Good Pads

Showing all 2 results

  • Selmer Mark VI Alto 1959 Good Pads Relacquer Great Player! 78750

    $ 5,950

    This is a true players horn, meaning it plays better than it costs and comes from the best vintage of Mark VI, but is still relatively affordable. It’s a Selmer Mark VI Alto from 1959 with American engraving and a good overhaul. It has red painted leather pads and slightly domed Selmer style metal resonators, and the pad work feels nice and dry and snappy under the fingers. This horn has been played a lot, as you can see from the swedging marks on the octave mechanism. It’s been played because it plays well, and it has been well cared for with the relacquer job having been done very carefully so that the engraving still looks fresh and original. It has the high F# key, as you can see. The neck is probably not the original Mark VI neck for this alto, since there is no matching serial number on it. Or it could be that just the neck tenon has been replaced (as it’s a high wear area on a pro saxophone) and the neck could be original. You can see a little solder beneath the Selmer neck badge that points in that direction.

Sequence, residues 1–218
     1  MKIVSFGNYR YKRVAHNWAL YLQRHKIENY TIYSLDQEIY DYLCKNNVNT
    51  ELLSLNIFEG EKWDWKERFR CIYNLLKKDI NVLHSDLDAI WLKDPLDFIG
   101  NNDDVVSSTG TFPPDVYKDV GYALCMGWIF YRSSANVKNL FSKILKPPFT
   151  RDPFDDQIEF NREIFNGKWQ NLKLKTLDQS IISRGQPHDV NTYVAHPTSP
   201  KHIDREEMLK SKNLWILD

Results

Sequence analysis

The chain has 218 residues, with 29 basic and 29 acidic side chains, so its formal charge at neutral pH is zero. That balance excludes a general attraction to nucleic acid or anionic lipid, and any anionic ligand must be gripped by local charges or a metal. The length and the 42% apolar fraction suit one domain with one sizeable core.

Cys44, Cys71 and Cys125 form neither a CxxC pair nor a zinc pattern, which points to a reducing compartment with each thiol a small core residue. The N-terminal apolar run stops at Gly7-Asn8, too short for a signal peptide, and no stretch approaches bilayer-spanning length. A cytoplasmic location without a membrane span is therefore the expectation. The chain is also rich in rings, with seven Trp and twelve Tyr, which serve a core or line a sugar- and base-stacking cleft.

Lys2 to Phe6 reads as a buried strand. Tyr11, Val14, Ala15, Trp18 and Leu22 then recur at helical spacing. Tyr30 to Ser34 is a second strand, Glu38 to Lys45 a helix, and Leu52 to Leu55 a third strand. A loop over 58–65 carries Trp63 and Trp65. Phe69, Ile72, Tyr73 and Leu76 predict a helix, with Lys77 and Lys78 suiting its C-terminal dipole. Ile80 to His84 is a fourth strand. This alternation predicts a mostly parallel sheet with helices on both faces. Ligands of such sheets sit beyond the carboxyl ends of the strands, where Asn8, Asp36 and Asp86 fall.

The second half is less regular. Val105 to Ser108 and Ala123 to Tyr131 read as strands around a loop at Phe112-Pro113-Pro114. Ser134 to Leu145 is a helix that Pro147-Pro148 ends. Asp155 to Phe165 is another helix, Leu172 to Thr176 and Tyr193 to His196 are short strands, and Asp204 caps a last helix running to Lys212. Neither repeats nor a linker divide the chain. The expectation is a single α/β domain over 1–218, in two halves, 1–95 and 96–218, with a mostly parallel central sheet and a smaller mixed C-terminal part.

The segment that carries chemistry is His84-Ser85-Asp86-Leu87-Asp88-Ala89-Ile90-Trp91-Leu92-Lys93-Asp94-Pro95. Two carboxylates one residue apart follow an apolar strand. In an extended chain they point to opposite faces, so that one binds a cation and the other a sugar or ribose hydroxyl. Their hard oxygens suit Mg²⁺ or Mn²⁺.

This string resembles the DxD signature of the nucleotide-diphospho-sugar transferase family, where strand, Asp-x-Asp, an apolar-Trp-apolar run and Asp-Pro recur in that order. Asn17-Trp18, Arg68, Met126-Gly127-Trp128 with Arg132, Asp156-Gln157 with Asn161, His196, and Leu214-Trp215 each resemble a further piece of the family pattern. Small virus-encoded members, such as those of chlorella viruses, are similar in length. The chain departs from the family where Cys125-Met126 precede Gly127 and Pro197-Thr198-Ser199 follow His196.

As you can see, there are several ergonomic improvements on the keywork that are removable if you want – low Bb extension, palm key bumpers etc. These are nicely made and expensive to get added to your horn like this. You also get an extremely nice condition Walt Johnson alto case, which is the best alto saxophone case ever made if you’re a gigging musician. You’d be hard pressed to find a better overall Mark VI alto for the price if you don’t mind the new coat of lacquer and your priority is getting an early serial alto that is ready to go.

    Only one available!

     

  • Selmer Mark VI Tenor 1961 Relacquer Good Pads Great Deal! 95096

    $ 7,000

    This is a nice example of a Selmer Mark VI Tenor saxophone from 1961 with good pads that plays well and is priced extremely well. It’s wild that you can get a 5-digit Mark VI for not that much more than a pro Yamaha just by getting a Selmer that has a new coat of lacquer. This horn has no dents or dings, and the neck has the matching serial number. The American engraving isn’t as sharp as some relacquers, so the bell has been buffed a fair amount, but the horn feels good under the fingers and plays great with a dark, powerful, projecting tone. If you’ve been looking for a solid, great sounding vintage Selmer that is priced on the low side relatively speaking, this is a great option that you can just buy and play, and you don’t need to get overhauled. I put it in a BAM Softpack tenor case which is molded on the shape of a Mark VI, and which is great for gigging, and very safe for shipping. Only one available!